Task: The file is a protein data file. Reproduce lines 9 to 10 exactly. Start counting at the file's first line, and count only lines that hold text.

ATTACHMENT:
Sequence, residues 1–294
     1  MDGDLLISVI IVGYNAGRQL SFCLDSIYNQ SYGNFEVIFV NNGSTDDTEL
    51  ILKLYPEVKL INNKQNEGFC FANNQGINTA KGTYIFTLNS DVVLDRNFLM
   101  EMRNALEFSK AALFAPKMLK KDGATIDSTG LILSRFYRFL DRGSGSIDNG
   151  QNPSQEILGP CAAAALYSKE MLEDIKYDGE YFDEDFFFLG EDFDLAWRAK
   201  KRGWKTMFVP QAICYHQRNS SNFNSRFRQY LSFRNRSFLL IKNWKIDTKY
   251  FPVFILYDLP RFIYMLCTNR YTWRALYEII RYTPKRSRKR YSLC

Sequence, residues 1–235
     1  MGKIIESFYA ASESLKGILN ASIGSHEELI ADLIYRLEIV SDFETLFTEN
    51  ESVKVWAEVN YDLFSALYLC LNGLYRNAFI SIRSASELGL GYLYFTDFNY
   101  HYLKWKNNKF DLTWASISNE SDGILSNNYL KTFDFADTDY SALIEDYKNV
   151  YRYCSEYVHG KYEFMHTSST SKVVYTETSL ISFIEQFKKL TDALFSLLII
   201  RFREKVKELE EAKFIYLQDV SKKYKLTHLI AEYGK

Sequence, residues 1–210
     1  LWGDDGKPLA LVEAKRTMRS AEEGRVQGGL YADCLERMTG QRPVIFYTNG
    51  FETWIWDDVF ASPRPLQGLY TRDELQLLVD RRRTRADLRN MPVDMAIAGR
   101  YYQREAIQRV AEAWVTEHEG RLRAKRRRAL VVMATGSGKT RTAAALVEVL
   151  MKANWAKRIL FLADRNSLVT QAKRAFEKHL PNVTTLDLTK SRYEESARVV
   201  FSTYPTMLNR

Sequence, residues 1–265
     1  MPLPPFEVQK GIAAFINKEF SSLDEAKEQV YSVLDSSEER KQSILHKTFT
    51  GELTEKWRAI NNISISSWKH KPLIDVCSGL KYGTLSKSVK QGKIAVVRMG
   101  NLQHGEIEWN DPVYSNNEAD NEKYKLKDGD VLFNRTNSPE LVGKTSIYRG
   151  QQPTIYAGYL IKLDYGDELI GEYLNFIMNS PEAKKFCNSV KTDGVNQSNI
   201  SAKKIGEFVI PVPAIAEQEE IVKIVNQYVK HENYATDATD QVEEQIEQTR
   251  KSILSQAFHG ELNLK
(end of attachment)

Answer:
     1  MGKIIESFYA ASESLKGILN ASIGSHEELI ADLIYRLEIV SDFETLFTEN
    51  ESVKVWAEVN YDLFSALYLC LNGLYRNAFI SIRSASELGL GYLYFTDFNY